Grab a neighbor and some ice-cold lemonade, “porching” season has officially begun.
“Porching,” also known as porch parties, is a long-standing Indianapolis tradition where friends, family and even strangers gather on front porches during the warm months of the year for fellowship. These “hang outs” can be as small as a few people catching up over some baked goods and sweet tea or turn into neighborhood-wide parties.
“It’s really an effort to maintain, and bring back, and spread an existing tradition for the area,” said Cierra Johnson, local artist and creative placemaking fellow at the Harrison Center. “It’s also kind of a frontline defense for crime prevention. Because if everybody’s on their front porch, that’s the first part of like a neighborhood watch; everyone knows each other, and is connected, and is bonded to their neighborhoods, so they care about the people who live there and work there and are active.”
In 2016, the Indianapolis Motor Speedway partnered with the Harrison Center — since porching typically kicks off in the beginning of May — to expand beyond the city’s limits and include the entire state of Indiana in the porching tradition.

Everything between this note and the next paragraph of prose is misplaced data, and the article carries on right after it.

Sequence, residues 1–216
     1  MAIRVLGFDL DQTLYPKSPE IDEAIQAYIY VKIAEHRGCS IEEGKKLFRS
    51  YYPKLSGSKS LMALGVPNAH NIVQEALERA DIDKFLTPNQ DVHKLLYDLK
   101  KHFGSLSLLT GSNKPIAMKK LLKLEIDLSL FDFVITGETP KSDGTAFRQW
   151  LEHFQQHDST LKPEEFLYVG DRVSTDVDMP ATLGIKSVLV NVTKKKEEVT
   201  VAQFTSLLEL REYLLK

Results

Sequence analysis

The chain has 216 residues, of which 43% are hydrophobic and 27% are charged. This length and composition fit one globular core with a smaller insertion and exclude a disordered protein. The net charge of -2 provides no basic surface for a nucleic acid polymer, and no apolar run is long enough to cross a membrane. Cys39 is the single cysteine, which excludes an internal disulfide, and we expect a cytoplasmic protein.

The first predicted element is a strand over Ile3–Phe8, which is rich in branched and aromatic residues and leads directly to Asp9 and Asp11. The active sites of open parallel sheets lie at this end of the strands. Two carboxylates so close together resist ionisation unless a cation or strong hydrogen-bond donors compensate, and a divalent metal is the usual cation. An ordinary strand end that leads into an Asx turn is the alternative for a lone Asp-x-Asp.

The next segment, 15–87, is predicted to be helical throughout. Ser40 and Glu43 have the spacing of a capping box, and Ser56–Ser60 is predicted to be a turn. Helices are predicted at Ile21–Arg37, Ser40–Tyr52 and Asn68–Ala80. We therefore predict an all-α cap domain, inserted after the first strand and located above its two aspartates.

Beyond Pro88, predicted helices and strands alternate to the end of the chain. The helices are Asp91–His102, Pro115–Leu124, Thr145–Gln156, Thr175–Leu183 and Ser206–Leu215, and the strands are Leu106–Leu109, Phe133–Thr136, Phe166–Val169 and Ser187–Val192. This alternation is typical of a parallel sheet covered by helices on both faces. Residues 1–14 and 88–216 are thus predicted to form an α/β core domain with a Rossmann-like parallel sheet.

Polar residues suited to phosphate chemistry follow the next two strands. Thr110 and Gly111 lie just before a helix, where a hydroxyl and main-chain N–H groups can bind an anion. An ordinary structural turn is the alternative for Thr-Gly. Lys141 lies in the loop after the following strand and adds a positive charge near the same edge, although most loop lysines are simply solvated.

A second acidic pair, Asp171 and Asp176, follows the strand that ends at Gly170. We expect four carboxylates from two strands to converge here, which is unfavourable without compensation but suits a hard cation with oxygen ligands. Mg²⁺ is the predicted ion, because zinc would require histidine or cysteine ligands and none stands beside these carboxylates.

“Obviously, people in the community know that the Indy 500 is around, but we were trying to find ways to really give a nod to the rest of our community,” said Doug Boles, president of the Indianapolis Motor Speedway, “especially community leaders in different entertainment or other spaces around the city and the arts, and porch parties with the Harrison Center was a great way to do that.”
Many porch partiers in the community are not necessarily race fans, but they continue to go all out with decorating and hosting friends and family because they enjoy the fact that it brings people together after having been cooped up all winter, Boles said.
“It’s just a way for our community to celebrate the fact that summer is right around the corner and then just spruce our neighborhoods up with some color and some excitement as we come out of the winter months,” Boles said. “And for me, it’s just a way to get our entire community excited about the fact that the Indianapolis Motor Speedway and the Indy 500 puts our community on an international stage.”